• Have you considered material compatibility? Are you planning to run multiple chemicals through the system? What are the other chemicals, and are they compatible? Is 316L stainless steel adequate or are higher alloys required? What are the sanitary requirements for each product? Are cleaning cycles required between product changeovers? How will you wash out the equipment? Do washouts result in waste byproducts?
  • What are your boundary limits? What equipment is included and what equipment is not included? Do we need to supply any additional pieces of equipment other than the equipment needed for the process system? Do we also need to supply the utilities?
  • How should the skid be designed? What is the physical layout of your plant? What utilities are available on site? Where are the utilities located? Will new utilities need to be provided under the project scope? Where will the module be placed in your plant? Will it be located in a flammable area?
  • What standards and guidelines must you follow? Do you need to comply with GMP, FDA and BPE regulations?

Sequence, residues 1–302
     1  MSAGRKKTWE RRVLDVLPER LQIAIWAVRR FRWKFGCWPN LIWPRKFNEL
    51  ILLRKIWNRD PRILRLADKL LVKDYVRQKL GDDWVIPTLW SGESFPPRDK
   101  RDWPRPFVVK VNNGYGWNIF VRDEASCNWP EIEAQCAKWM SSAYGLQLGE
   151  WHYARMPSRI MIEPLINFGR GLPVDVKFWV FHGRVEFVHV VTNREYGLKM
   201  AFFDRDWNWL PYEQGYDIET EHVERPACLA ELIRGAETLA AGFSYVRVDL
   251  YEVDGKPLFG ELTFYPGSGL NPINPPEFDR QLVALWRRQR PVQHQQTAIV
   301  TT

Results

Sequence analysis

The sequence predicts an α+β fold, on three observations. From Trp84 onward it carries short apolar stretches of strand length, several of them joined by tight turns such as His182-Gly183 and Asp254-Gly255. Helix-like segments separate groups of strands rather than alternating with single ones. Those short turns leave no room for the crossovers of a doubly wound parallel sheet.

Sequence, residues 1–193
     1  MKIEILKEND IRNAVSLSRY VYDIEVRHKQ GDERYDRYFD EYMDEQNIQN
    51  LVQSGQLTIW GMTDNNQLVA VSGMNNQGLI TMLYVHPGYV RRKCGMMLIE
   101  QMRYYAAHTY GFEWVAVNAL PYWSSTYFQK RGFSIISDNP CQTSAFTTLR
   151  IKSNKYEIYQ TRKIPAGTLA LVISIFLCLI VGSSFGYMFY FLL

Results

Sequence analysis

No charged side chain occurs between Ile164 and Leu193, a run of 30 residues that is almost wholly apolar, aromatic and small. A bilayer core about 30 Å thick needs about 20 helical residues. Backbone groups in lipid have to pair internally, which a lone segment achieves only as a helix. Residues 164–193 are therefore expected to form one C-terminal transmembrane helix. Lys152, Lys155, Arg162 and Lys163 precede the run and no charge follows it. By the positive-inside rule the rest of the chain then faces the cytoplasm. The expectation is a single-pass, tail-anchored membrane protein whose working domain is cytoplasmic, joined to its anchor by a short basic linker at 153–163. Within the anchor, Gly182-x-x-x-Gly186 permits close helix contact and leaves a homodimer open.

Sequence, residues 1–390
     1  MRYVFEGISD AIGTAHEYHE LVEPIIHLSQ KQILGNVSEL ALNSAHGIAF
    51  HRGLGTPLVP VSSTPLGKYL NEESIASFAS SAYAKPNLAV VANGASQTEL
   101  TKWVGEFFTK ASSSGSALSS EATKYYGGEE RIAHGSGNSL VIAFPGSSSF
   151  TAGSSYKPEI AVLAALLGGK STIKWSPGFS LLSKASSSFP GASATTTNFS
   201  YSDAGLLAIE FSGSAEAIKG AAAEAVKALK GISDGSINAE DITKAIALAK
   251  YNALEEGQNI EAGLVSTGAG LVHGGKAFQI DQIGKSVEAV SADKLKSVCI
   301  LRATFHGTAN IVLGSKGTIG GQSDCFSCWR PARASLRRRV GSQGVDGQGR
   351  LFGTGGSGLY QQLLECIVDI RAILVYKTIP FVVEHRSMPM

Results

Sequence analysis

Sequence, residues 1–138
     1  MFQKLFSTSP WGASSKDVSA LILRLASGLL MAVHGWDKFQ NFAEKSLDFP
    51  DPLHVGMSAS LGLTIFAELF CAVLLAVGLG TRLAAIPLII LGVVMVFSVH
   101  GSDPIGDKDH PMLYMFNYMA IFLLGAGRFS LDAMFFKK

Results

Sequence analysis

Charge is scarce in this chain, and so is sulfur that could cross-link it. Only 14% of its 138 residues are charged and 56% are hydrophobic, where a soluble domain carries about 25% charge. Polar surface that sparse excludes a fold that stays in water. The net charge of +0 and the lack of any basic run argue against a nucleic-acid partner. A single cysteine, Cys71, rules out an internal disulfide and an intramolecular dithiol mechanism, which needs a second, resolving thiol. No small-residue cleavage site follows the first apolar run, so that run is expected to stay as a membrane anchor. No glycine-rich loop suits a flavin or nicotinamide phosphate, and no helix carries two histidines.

• What are your future goals? Are you planning to run different products on the same line in the future? Do you foresee a need to increase production in a few years?

Peer Reviews for Front End Loading

After all the specifications are extracted, PFDs and P&IDs are developed, and major equipment is selected, EPIC’s engineers will perform a peer review. This review is crucial in side-stepping landmines that could cause problems later in the project. During the peer review, the project is evaluated by process, electrical and mechanical engineers. The engineers comb through the project and discuss any major or minor concerns that may have been initially overlooked. This will uncover any safety concerns or general issues that would compromise the success of the project.

To learn more about EPIC’s front end loading process or to speak with an engineer about your project, contact an engineer or call 314-714-1580.

EPIC Modular Process Systems
4134 Meramec Bottom Rd
St. Louis, MO 63129, US